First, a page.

So the U.S. government started subsidizing corn and soy farmers—not fruit and vegetable growers, just the people who produced corn and soy. So if you’re a farmer, and you get paid to grow corn instead of broccoli, what would you do? The results of that little shenanigan are that fewer than 3% of American crops grown today are fruits and veggies, but over 50% of all farms in the United States pump out corn and soy.
I tuned in to the documentary Weight of the Nation on HBO because I needed something to kickstart my quest to lose weight. I figured some scary facts and figures about heart disease and diabetes might overcome my weak will power. And there were plenty of doctors who made those points.
But what it mostly did was expose to me the conspiratorial inner workings of U.S. agriculture. My idyllic (if tragic) idea of the American family farmer working against all odds to harvest crops in time to save the ranch from being repossessed by some villainous, mustachioed banker? I now know that’s just fodder for movies celebrating some American ideal that no longer exists.
The information from this program combined with everything I culled from “Sugar: The Bitter Truth” (a lecture I watched and commented on in an earlier post) made me realize how political the food industry is. We’ve become so dependent on our processed, pre-packaged meals that we don’t fully comprehend how far we’ve strayed from the naturally nutritional food our grandparents ate. (Okay, Grandma’s gravy swimming in bacon grease might not officially be considered healthy, but there was nothing in the list of ingredients that I couldn’t pronounce, making me wonder about its origins.)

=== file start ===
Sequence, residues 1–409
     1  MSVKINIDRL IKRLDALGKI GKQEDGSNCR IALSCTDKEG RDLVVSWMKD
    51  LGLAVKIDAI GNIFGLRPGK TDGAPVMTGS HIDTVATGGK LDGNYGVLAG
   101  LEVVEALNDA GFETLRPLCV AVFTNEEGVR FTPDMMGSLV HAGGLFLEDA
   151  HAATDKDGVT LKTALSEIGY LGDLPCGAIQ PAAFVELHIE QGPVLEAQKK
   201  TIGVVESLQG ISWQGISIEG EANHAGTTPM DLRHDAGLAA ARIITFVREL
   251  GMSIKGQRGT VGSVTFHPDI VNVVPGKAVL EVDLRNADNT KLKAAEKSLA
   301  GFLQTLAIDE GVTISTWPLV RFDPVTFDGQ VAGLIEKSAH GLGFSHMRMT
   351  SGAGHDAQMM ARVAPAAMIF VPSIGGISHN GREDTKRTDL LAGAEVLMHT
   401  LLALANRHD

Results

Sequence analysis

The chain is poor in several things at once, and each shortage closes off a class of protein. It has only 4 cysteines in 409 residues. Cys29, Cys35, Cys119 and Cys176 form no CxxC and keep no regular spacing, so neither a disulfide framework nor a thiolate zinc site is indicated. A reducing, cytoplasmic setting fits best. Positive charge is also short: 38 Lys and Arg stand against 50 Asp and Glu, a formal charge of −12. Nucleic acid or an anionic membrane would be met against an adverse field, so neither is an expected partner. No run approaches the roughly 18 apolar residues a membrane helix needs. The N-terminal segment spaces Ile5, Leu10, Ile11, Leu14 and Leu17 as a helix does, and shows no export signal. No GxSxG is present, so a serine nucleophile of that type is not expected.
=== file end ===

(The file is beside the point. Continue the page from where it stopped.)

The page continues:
I’m not by nature one of those sprout-eating granola-crunching types. I grew up on Wonder bread, Coca-cola, and Pop Tarts. So when I started buying whole wheat bread and limiting myself to one soda per week, I figured I was doing great.
But I’ve started reading labels more carefully, and it’s illuminating. Even whole wheat bread that one finds on the shelves in the grocery store has either sugar or corn syrup in it. And I dare you to find a salad dressing that doesn’t have either.
Okay, so I buy my bread from our local bakery and make my own salad dressing. Am I safe now? Apparently not. Once you get in the habit of reading labels, you begin to question everything. Which is good, of course, but quite inconvenient. I don’t have either the time or inclination to make everything from scratch.
I have started buying some organic produce and I found a schedule of the farmers’ markets in my area, so that’s a start.
But I still walk by Pop Tarts with a certain amount of yearning.